Georgia could generate $4.8 million in annual revenues by imposing user fees for cities and factories that empty waste into streams and rivers, according to the Georgia Public Interest Research Group.
"Pardon the pun, but it's coming down the pipe, and we'd really like to see this enacted before the end of next year's Legislature," said Meg Smothers, the Atlanta-based environmental group's clean water associate.
Georgia does not charge potential polluters a fee when they apply to Georgia's Environmental Protection Division for a discharge permit under the National Pollution Discharge Elimination System program.
The permits are required for factories and municipal wastewater plants and other major dischargers of toxics or treated sewage into public waterways. EPD and its employees administer and enforce those programs.
Ms. Smothers said Georgia is one of only two states in the Southeast that does not collect such a fee. Mississippi is the other. The fees collected in Alabama, Florida, Kentucky, North Carolina, South Carolina and Tennessee totaled more than $13.7 million.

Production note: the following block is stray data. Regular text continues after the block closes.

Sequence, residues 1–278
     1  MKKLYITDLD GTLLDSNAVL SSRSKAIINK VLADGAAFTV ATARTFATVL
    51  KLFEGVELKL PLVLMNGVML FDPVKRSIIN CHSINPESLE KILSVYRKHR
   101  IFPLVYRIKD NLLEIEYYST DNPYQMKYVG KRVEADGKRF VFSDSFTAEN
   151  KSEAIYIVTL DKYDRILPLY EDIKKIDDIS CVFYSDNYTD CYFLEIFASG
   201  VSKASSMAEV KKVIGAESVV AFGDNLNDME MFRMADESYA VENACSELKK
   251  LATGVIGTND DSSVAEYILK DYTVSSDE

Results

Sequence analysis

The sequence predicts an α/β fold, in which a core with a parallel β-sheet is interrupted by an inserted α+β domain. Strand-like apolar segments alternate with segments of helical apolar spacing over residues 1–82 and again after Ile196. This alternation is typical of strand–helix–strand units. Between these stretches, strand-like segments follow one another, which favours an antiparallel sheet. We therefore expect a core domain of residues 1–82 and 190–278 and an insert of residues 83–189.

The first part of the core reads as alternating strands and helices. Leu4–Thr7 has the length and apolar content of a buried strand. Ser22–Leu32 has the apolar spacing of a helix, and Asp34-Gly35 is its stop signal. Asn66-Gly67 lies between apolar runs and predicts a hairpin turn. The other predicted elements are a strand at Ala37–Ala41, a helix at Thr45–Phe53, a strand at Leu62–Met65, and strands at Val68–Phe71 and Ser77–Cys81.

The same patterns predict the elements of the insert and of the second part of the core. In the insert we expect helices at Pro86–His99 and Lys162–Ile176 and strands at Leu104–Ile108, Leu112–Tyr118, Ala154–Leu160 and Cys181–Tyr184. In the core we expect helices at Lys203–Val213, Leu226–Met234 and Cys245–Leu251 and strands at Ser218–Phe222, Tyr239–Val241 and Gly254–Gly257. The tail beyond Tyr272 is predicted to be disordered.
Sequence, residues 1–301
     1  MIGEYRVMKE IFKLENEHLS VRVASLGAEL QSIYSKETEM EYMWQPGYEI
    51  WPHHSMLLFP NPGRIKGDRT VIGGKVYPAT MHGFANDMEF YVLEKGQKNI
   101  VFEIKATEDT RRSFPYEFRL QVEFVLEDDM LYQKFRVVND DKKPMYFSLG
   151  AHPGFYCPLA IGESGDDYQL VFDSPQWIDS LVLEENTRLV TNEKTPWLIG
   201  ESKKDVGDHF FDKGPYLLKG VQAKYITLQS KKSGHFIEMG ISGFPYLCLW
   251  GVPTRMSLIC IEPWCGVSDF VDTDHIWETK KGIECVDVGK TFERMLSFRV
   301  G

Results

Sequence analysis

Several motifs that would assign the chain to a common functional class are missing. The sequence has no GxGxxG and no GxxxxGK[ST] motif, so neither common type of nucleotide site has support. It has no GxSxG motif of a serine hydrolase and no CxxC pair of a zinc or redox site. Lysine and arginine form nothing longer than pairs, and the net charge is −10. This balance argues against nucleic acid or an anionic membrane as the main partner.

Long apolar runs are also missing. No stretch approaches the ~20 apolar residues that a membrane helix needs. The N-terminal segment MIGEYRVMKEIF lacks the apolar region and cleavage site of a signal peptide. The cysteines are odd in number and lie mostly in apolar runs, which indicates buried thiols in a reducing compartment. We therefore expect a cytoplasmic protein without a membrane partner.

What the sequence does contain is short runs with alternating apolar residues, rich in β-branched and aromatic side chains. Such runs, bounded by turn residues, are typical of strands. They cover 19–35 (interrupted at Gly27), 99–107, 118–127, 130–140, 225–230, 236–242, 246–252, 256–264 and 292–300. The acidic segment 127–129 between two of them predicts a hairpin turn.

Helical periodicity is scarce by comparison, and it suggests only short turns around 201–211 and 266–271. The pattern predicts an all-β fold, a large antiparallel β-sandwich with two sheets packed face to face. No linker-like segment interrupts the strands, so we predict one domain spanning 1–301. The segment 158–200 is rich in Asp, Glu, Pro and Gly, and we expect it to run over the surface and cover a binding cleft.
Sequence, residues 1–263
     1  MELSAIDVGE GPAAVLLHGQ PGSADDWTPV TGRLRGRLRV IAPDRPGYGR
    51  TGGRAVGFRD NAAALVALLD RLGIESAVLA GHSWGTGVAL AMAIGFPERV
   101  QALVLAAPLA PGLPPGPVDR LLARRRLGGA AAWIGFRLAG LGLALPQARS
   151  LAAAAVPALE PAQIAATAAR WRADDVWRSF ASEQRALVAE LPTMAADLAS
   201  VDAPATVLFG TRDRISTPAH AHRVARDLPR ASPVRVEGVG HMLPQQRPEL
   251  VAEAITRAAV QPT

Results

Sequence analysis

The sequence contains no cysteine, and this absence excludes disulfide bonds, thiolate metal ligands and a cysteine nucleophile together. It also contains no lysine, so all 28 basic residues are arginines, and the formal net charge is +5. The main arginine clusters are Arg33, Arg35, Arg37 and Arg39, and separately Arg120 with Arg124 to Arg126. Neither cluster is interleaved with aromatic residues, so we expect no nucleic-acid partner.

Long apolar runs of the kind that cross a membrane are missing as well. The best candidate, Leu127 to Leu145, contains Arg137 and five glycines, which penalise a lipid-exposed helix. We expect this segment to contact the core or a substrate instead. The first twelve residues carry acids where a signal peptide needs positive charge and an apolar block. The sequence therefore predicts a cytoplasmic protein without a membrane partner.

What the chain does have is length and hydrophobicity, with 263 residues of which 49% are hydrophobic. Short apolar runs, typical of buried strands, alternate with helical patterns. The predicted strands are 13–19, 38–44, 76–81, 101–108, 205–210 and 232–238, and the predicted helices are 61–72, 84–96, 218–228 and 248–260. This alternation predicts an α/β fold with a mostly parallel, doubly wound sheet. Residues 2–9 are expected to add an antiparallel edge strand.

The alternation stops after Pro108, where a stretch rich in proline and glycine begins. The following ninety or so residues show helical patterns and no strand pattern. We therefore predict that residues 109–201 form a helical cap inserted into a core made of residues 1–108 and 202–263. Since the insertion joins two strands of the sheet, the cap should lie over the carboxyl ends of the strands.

"Georgia has everything to gain if they do this," she said. "The primary point-source polluters should pay, and the fees should be based on the type of pollution, and how much of it is entering our waterways."
David Word, EPD's assistant director, said Friday that the fees are a viable option and have been discussed extensively in recent years.
"The Board of Natural Resources, for the last three or four years, has endorsed those fee proposals," he said.
But new fees would require new legislation. In 1999, EPD asked the Legislature to adopt the fees to add staff to the department's regulatory programs. Gov. Roy Barnes and the General Assembly agreed to fund 110 new positions, but without adding the new fees, Mr. Word said.
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